Here, the general misbehavior is caused by the prevalence of street thugs (called droogs) which has given rise to a police state. The droogs have laced their drinks with a powerful stimulant that feeds their predilection for rape and violence. After a particularly perverse night of recklessness, droog leader Alex is captured by the police and sent to prison to be “rehabilitated.” It’s at the prison that many of the wickedly humorous episodes occur, among them a coldly calculated search of Alex’s body cavities by the no-nonsense chief guard Barnes.
The madness of human behavior witnessed and unleashed in Dr. Strangelove and A Clockwork Orange and the mania in these films for all-out mayhem and destruction is contrasted with the anodyne expressions of the two human astronauts in 2001: A Space Odyssey. The men appear drained of feelings, the bulk of which have been transferred onto the personality of their HAL 9000 computer with its matter-of-fact vocal inflections and paranoid, single-minded resolve for self-preservation. It’s no accident that HAL is the most human character in the story.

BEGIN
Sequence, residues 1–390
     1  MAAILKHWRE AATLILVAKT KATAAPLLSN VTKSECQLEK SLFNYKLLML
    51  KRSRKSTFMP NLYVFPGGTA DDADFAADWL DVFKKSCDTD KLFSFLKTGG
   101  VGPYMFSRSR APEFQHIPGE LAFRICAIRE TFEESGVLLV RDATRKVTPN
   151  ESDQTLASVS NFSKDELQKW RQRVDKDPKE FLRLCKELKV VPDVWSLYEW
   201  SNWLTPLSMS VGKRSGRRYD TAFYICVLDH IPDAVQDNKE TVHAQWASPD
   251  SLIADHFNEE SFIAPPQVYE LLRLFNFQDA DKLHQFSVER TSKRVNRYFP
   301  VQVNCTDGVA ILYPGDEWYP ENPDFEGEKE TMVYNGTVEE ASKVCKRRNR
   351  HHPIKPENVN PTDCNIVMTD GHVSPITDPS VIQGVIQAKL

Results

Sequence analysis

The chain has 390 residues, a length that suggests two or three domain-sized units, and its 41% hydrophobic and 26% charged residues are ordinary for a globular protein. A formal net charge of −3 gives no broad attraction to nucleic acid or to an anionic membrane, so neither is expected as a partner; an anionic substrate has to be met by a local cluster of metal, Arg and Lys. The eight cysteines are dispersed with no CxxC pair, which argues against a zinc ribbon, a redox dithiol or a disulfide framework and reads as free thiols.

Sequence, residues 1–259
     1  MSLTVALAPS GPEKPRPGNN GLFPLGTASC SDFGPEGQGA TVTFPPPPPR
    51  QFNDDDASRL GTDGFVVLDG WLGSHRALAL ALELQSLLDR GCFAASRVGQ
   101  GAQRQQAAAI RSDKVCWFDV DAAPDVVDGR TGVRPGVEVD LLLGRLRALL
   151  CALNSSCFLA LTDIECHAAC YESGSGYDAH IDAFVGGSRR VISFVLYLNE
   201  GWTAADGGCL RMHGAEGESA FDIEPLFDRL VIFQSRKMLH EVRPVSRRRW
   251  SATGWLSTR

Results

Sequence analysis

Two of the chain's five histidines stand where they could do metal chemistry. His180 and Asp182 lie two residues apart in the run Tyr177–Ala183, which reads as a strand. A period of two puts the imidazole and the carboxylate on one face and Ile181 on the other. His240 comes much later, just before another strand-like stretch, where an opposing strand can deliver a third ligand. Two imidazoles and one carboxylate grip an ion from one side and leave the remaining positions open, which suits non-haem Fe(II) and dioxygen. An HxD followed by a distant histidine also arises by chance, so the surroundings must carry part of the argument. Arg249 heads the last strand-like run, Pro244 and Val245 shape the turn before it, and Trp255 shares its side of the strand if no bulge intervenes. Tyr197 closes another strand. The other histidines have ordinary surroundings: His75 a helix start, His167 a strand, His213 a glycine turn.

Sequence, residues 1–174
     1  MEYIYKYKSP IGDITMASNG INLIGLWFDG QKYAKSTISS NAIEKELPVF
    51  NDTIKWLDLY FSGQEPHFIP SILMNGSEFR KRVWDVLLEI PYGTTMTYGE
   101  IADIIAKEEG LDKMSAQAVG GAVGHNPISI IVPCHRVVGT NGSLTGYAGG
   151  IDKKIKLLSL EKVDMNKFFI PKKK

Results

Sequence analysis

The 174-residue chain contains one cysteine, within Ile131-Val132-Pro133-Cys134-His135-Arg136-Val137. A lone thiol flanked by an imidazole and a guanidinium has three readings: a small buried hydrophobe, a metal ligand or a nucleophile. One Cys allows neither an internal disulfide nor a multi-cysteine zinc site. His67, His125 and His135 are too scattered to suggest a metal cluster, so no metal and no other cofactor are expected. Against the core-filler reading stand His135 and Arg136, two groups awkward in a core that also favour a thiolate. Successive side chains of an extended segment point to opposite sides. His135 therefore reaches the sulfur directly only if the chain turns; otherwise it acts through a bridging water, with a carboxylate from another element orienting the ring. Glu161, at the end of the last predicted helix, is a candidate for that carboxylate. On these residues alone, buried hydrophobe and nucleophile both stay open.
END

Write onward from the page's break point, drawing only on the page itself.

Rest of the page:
The lack of an emotional response can be measured by the over-abundance of emotions present in Dr. Strangelove and A Clockwork Orange. In the earlier flick, the dialogue remains fast and furious throughout; the words pouring forth in a never-ending torrent of verbal hemorrhaging and rapid-fire delivery (most notably in George C. Scott’s over-the-top performance as the bombastic General Buck Turgidson), their meaning coming through loud and clear no matter the pace. In A Clockwork Orange, the droogs speak a type of street language, a combination of Russian tinged with Cockney slang, while the rest of the population converses in standard British English. No matter how they talk, each group gets their point across; soon, even the viewer is able to make sense of the gibberish.
Compare the above scenarios to 2001, where the dialogue has been purged of all meaning and relevance. In fact, not a word is spoken (the film’s opening sequence takes place at the Dawn of Man) until a good half hour or more has transpired. When the human characters do speak, their tone and substance is devoid of clarity and lucidity. We hear the words, but they have no connection to the action at hand, their meaning having been divested of any and all emotional impact.